What Does Facebook Send You When You're Flagged?
By James Wright
As a booming social network, it's especially important for Facebook to have a system that keeps its members safe and prevents spam and abuse. You agree to Facebook's terms of service when you sign up, but you also have the ability to flag any content that breaks any rules. If someone flags something you post, you may get an email from Facebook telling you what happened and what repercussions you face.
When a post is flagged, it must first go through Facebook's process. Facebook's staff won't punish someone without making sure that the report is legitimate, so every report is investigated. If the staff find that the reported content does not break their terms of service or any other guidelines, the report is discarded, no action is taken and no email is sent to you. If it is a legitimate report, the email you receive differs depending on the infraction and consequence.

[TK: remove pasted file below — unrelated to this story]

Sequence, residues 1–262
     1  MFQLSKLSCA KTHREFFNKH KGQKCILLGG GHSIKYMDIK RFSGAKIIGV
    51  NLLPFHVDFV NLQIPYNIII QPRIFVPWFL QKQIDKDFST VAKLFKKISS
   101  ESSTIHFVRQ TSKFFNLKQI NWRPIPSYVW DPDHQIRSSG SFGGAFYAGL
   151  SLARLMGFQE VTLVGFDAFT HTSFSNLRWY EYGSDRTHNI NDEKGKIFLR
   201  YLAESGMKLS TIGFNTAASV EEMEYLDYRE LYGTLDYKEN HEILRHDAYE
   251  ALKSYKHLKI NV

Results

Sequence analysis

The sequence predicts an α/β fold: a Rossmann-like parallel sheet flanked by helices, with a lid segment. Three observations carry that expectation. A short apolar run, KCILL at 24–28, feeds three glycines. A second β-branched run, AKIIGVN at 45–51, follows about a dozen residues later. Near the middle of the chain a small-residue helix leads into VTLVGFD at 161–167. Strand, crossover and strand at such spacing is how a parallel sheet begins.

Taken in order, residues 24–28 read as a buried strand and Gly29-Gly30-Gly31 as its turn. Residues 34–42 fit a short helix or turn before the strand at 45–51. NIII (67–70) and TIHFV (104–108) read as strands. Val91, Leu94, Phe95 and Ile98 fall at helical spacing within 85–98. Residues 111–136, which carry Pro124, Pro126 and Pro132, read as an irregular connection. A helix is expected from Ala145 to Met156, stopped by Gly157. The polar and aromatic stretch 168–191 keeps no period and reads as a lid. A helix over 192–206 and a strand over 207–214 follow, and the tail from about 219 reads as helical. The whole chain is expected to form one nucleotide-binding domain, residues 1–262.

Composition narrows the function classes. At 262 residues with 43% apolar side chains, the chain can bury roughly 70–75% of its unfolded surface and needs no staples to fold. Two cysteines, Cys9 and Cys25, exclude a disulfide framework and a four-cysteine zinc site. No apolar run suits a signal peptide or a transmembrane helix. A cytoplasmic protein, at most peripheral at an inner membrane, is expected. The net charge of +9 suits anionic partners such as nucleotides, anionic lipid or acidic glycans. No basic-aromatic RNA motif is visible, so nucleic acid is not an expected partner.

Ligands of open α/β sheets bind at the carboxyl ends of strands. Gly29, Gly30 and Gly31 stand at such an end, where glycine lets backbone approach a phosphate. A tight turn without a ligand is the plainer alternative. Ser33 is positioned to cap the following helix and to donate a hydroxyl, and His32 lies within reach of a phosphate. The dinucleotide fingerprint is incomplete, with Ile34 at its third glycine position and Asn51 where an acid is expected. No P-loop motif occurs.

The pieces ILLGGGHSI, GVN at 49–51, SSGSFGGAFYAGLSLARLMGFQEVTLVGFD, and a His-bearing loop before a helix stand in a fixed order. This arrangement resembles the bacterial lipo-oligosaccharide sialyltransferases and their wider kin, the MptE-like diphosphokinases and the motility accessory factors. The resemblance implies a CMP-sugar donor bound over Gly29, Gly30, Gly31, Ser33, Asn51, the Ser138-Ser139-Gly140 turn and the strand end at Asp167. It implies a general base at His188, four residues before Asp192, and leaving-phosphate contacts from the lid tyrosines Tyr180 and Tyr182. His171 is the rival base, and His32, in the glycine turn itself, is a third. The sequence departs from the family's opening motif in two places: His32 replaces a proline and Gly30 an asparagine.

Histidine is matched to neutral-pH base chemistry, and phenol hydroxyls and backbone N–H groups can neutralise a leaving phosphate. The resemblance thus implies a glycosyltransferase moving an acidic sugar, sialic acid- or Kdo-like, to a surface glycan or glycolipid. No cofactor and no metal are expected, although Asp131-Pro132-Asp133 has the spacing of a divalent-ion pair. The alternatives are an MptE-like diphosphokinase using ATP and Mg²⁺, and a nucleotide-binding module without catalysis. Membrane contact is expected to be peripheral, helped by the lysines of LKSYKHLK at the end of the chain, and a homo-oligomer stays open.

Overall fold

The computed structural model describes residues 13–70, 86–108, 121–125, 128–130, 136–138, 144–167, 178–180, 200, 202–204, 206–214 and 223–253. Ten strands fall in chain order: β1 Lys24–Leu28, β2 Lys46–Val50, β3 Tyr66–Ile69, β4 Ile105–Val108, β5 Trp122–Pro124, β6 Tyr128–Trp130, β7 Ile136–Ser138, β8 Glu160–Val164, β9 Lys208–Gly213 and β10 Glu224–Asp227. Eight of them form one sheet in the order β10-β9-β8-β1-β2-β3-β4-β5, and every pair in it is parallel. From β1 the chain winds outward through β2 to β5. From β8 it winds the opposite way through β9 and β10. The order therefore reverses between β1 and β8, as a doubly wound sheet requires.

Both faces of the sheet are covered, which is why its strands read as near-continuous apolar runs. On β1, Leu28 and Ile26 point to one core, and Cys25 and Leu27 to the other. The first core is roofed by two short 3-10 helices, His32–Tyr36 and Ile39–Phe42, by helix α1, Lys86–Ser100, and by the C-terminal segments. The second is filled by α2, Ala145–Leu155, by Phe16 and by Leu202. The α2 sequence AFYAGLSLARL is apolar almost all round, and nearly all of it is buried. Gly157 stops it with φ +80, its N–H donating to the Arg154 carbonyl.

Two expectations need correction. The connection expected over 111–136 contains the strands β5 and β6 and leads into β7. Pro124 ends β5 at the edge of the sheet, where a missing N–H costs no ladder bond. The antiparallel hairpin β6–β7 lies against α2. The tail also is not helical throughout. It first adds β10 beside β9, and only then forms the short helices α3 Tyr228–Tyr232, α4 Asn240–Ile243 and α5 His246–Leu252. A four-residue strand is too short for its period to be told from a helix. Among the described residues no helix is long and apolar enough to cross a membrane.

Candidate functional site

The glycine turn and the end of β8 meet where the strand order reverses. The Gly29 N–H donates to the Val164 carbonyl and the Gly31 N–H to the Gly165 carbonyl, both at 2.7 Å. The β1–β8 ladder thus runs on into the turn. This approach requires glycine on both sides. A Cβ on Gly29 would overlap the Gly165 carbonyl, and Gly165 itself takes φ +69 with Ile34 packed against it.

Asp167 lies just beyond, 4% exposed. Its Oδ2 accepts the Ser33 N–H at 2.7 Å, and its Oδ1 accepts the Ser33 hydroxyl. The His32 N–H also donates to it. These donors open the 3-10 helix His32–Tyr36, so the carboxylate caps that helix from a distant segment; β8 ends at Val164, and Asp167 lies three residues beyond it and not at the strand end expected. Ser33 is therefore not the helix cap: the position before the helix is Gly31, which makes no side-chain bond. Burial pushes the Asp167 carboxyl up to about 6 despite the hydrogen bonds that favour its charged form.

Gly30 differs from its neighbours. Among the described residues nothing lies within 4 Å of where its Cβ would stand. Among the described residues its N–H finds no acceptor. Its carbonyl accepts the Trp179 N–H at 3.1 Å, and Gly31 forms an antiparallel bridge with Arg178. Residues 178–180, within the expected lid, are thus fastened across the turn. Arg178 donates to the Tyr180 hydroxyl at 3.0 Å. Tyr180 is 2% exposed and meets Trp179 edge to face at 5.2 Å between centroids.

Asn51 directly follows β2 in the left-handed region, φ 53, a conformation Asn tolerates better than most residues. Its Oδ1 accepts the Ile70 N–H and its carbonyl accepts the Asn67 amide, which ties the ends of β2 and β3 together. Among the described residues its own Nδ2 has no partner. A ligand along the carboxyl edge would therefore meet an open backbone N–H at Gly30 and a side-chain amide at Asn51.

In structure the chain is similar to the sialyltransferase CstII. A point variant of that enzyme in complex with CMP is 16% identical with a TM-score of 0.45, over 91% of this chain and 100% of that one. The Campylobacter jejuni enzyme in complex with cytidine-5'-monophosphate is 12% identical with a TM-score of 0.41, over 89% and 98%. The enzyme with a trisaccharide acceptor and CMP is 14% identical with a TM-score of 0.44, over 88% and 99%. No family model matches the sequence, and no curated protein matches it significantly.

Minor infractions often result in a simple warning. Facebook lets you know that a post you made was against their terms of service and that the post has been deleted. If the problem is something like sending inappropriate messages or an app sending too many requests, the warning differs accordingly. The emails are not specific about the guideline that was broken; this is to ensure you read all the guidelines to avoid future problems.
Some infractions are serious enough to warrant your account being disabled completely. These include using a fake name, impersonating someone else, harassment, abuse or continuing something after being warned to stop. Generally you receive an email notifying you of this decision, but in some cases Facebook's staff may deem the infraction too severe to restore your account. In this case, you may not receive an email. You will not know that your account is disabled until you attempt to log in.
Based in California, James Wright has been writing since 1998. Wright's articles have been published on various websites with a focus on technical fields such as computers and the Internet, and were also featured in a now-retired publication for an online artistic community. Wright studied English, journalism, politics and psychology at Riverside Community College.